Team:TU Darmstadt/human practices


Human Practices

As we focused our work on the manufacturing of a wound bandage with a potential application on humans, we had to think about a responsible design of our product. For this, we got in contact with various experts from outside of our team.
So we kept in touch with diagnost-x Berlin for questions about which properties our hydrogel should have to make it suitable to use on open wounds. We also learned how we could not just avoid unwanted side effects but also how we could be able to support wound healing with our ChiTUcare. Furthermore, we obtained the help of the leading scientist in the field of chitosan, Prof. Dr. Moerschbacher, for our project. He helped us out multiple times and prevented us to run in a few dead-ends with our approaches. Through those two expert trade-offs, we were able to evaluate risks and problems and change our approach before facing problems.
As a part of Human Practices, we also concentrated on education commitments. We started CloneCademy as an online learning platform for synthetic biology, which gives the iGEM community the opportunity to teach people about their projects. Additionally, we held presentations in schools to provide pupils with information about synthetic biology in general and iGEM in particular. Of course, we promoted CloneCademy there as well.

Webseminar with Berlin diagnost-x

The production of a bandage which is designated for medical use becomes even more challenging, if the producer do not have the medical expertise to provide the necessary information about the properties the bandage should have. As this was the case for us, we were very grateful for the cooperation with diagnost-x Berlin. Together, we organized a web seminar in which we were able to ask students from the iGEM team Berlin about our bandage’s setup and composition if it is applied on open wounds and discussed potential risks that might come along with certain setups. Within this short time, they managed to provide us with many valuable information which brought us a step further to our bandage. In addition, they confirmed the safety of the fluorophore we employed in our project even if applied on open wounds . Also, the students from the iGEM team Berlin, amongst which are many medical students, confirmed that the peptide linker, due to its shortness, should not have harmful effects on the skin either. One question we discussed in the seminar was about the pH value of the bandage. Wedecided to produce hydrogels in which the pH can be adjusted to the suitable value as different pH values can have different effects on various wounds. Of course, there are many more unansewered and unknown questions about the bandage before ChiTUcare could be produced and launched, but thanks to diagnost-x Berlin we were able to clarify some of the morst important onse.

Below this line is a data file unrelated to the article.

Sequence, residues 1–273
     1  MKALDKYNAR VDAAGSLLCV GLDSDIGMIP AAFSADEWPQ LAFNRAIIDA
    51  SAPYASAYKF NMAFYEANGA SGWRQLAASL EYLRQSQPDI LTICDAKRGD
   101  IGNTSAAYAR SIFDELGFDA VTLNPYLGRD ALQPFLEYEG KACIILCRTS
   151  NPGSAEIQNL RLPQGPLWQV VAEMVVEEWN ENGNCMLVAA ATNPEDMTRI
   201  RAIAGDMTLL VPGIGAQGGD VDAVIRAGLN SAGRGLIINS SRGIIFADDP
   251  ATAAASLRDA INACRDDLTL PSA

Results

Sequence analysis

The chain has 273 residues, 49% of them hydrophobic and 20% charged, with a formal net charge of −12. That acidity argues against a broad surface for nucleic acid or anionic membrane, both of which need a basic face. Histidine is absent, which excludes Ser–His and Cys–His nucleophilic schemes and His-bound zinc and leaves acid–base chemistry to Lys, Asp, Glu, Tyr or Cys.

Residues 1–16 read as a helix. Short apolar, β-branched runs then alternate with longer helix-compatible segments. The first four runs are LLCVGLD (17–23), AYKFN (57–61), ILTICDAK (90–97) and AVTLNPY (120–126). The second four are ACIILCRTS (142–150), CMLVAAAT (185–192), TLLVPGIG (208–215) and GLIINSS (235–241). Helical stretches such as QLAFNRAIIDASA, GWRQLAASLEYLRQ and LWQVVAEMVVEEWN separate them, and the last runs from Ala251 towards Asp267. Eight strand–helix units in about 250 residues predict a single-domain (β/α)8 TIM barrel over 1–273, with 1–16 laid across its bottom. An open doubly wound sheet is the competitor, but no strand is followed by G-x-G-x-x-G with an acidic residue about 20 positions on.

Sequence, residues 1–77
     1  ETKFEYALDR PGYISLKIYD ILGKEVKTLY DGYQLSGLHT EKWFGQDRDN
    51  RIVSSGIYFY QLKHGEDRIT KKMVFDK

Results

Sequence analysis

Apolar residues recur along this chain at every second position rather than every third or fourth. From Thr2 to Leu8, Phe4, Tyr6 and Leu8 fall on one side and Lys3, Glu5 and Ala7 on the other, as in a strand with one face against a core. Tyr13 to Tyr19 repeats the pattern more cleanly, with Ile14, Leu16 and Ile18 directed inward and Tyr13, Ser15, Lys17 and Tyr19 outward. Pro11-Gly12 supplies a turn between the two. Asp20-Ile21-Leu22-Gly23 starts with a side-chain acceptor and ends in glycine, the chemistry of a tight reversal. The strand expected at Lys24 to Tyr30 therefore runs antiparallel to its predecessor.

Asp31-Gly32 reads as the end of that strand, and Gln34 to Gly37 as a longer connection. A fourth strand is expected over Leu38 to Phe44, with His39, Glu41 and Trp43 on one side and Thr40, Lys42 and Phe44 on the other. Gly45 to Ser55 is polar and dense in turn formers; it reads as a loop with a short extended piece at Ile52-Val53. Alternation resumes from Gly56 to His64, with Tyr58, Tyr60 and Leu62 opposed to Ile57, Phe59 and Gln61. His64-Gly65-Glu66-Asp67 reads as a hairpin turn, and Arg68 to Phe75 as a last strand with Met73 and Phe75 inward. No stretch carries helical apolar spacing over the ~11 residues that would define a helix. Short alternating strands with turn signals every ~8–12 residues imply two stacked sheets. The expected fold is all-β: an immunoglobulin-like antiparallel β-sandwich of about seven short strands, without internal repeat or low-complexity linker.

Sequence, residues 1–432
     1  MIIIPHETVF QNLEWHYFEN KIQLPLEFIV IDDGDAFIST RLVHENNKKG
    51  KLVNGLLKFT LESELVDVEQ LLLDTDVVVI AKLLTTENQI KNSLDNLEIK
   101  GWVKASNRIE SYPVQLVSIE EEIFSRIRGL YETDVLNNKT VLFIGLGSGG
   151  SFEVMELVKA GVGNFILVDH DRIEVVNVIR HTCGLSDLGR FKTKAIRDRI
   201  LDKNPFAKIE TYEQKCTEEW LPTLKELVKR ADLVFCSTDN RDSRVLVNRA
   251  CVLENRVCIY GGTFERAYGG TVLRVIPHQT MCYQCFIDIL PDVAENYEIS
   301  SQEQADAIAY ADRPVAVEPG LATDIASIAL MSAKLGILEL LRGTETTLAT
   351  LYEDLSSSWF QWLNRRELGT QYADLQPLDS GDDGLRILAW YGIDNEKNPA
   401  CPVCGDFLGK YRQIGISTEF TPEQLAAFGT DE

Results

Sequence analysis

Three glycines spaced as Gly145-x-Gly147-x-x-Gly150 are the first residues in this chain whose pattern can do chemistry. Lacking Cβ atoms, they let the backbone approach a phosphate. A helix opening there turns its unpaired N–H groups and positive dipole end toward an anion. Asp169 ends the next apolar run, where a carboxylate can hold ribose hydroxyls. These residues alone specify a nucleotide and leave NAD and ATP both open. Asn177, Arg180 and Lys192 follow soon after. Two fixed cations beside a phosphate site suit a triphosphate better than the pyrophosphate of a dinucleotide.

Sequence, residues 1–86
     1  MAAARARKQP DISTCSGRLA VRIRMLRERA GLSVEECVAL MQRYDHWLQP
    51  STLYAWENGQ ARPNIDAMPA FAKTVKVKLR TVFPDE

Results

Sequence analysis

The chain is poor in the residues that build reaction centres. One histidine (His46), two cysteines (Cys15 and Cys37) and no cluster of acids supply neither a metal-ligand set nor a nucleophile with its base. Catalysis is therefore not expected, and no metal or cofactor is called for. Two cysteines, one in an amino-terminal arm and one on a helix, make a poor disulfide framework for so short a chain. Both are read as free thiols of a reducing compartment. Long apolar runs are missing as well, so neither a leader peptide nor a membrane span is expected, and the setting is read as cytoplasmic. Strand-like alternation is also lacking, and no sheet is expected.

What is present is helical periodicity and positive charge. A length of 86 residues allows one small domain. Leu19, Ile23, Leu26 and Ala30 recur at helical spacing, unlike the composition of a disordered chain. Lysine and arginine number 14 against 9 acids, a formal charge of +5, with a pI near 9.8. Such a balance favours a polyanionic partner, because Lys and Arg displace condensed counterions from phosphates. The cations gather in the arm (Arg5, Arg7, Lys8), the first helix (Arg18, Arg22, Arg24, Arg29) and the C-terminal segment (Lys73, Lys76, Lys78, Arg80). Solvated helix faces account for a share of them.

Educating future iGEMers

German school Stockholm

During our stay in Stockholm with five of our team members, we had the opportunity to visit the local German school. There, we spoke to final year students about iGEM and synthetic biology as a field of study. Our goal was to engage in a conversation with them rather than just telling them about our experiences. We wanted to learn more about their thoughts and what they imagined biology to be. For this purpose, we designed an interactive presentation. Even though it was still early in the morning, the students were eager to learn more about our work and readily responded to our questions. Especially towards the end, we had a great discussion about ethics in biological work. Unfortunately, it was cut short due to time reasons. For us, it was great to see how younger people, yet uninvolved in science, perceived biology. It taught us that the students are willing to learn more and seek further education. We feel that it is our responsibility as young scientists to teach and inspire them to pursue this eagerness to learn. We want to thank Mrs Delp for giving us the possibility to have this informative and constructive session with her students. We really enjoyed it and learned about how to modify our lessons for other schools.

Figure 1. Inside the German School in Stockholm Lara and Bea showcasing german and swedish students the iGEM Competition and our project.

Johanna-Geissmar Gymnasium